Saturday, June 6, 2015

His Mercy

The weekly Bible study I attend is nearing the end of Matthew, and as we're closing in on the betrayal, arrest, trial, and crucifixion of Jesus, I am reminded once again how little we human beings deserve salvation. If one disciple responded to Jesus' arrest with violence, if all the disciples fled the garden at his arrest, if Peter denied Christ not once but three times, how can the basis of our salvation be our behavior?


Paul's letter to Titus reveals his understanding of the human condition. We want to control our lives and judge others, we want to puff up in pride, and we want all glory, laud, and honor for ourselves.

We want credit.

Christ didn't go to the cross because we are worthy of His sacrifice. He went because He loves us with a perfect love. When we experience that love and accept its truth by acknowledging Christ as our Savior, we are simultaneously aware of how undeserving we are and how abundantly blessed we are.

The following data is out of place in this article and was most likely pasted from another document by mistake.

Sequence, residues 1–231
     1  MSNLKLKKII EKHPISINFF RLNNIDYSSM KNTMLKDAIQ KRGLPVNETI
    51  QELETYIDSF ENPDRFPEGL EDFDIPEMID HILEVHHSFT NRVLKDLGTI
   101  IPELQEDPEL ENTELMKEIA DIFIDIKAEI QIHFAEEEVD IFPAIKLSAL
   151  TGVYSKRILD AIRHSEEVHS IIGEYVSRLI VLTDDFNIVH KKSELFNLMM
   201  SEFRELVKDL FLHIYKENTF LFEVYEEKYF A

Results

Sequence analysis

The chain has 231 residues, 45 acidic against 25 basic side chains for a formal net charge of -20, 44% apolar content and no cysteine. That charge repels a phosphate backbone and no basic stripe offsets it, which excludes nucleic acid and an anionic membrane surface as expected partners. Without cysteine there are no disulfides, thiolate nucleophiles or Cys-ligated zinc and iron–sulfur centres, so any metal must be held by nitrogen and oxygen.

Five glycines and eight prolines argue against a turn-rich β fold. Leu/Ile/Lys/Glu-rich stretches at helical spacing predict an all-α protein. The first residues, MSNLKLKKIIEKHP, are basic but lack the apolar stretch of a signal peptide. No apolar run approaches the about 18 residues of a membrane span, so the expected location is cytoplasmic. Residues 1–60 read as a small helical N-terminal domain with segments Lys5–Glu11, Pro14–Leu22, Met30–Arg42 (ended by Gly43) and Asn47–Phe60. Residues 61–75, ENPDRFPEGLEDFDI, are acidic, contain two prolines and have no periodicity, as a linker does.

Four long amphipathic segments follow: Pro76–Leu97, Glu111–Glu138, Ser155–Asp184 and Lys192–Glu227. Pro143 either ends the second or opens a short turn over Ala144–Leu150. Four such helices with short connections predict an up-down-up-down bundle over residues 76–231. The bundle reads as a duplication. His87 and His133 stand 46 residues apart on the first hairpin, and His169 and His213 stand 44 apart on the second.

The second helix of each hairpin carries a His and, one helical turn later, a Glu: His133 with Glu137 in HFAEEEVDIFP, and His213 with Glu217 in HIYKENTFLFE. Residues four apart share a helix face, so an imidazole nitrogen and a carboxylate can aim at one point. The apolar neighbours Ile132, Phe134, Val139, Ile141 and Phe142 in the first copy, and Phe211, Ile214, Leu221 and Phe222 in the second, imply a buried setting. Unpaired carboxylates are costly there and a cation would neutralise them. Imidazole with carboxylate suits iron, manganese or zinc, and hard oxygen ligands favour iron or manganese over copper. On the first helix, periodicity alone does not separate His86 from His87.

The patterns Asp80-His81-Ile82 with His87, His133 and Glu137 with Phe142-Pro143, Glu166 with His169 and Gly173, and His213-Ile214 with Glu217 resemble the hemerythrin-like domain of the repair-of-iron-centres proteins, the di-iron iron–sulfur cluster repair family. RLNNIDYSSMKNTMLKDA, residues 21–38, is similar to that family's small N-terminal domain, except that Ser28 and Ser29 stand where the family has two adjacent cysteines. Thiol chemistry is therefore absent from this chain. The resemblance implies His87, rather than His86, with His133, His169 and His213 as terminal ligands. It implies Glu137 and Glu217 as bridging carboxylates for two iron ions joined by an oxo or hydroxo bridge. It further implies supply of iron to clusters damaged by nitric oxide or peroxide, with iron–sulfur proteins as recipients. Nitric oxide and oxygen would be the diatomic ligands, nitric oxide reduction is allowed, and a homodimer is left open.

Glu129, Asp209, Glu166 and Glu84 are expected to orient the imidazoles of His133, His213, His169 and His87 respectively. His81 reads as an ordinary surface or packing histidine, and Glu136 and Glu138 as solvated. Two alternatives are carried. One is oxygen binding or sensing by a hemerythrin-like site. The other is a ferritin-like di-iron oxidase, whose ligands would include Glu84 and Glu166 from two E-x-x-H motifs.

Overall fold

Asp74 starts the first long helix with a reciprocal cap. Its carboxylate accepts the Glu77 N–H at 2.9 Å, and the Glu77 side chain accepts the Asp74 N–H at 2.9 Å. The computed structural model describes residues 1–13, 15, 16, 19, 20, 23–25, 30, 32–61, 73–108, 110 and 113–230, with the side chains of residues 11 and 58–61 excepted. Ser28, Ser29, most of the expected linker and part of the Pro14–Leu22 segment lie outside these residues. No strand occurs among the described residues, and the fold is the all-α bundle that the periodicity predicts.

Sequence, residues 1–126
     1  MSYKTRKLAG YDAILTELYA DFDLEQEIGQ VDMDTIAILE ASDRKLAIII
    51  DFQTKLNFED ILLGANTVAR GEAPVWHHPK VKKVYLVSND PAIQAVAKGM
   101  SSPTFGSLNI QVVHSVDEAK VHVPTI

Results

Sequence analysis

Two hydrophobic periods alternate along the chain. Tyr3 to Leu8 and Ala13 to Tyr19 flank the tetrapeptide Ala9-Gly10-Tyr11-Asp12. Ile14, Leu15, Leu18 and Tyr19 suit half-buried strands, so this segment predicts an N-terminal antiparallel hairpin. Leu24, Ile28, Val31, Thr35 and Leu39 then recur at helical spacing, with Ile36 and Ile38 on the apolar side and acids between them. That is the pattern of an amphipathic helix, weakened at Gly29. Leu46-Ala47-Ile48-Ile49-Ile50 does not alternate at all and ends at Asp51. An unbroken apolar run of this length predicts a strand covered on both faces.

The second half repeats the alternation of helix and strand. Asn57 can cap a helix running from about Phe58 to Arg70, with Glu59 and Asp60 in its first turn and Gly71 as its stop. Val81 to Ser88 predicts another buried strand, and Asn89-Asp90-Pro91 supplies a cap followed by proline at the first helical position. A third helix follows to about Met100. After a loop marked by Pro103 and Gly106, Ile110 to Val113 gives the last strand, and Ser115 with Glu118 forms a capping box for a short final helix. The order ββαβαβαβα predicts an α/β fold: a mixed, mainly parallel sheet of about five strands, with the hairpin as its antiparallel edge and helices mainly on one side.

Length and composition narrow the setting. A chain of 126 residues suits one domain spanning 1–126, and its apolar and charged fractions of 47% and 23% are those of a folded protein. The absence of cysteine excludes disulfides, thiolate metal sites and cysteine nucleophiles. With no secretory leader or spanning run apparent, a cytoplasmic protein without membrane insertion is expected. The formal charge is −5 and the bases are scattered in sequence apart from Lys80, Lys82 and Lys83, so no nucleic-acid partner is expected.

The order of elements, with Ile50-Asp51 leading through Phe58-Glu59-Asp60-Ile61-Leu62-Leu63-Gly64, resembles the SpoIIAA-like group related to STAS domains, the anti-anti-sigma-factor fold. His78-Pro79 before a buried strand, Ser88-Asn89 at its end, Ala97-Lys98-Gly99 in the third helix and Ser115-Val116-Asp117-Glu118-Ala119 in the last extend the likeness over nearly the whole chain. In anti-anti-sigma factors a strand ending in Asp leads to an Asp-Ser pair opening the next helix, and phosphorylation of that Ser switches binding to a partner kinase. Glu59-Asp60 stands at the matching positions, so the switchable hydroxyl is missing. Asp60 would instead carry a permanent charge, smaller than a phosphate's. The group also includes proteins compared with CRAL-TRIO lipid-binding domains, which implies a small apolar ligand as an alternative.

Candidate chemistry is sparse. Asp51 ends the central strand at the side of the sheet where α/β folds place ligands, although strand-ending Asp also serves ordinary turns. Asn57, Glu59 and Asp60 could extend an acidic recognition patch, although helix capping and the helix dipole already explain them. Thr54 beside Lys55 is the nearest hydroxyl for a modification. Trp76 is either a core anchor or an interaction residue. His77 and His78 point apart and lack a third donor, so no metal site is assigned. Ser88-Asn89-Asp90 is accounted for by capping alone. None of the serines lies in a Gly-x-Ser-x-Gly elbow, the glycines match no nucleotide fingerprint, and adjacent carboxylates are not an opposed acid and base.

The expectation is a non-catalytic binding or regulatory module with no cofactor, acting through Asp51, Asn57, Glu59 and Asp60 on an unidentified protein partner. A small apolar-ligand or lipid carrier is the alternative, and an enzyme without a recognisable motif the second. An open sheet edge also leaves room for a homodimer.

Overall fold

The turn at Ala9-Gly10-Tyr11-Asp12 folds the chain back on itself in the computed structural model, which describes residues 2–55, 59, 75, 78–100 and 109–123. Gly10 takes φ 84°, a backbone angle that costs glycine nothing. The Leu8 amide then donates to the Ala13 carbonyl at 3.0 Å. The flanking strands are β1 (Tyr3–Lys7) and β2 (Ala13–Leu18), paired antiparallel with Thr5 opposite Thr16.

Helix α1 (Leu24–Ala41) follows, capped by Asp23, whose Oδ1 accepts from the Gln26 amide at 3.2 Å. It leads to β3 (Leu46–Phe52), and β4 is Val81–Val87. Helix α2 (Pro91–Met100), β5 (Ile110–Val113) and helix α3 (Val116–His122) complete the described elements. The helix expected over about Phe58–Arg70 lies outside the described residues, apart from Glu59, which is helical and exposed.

Our salvation isn't about us; it's about God's perfect love seen through Jesus Christ.

Of course, when we come to faith in Christ, we must let that abundant love flow into our words and deeds: faith without works is dead. But righteous works are the product of salvation, not the labor that earned it...and therefore, we should not boast.

Instead, let our lives humbly testify to His mercy and love.

Thanks be to God.

Recall a time in your life when you felt utterly aware of God's mercy for you. Reflect on that feeling of both being unworthy and simultaneously a beloved child of God. How can you tap into that gratitude for salvation and share it with others who are hurting or hungry in spirit, mind, and body? If you haven't felt God's mercy in this way, if you feel unworthy or unforgiveable, pray for understanding and talk to a pastor or Christian friend. No one is beyond God's mercy. No one.

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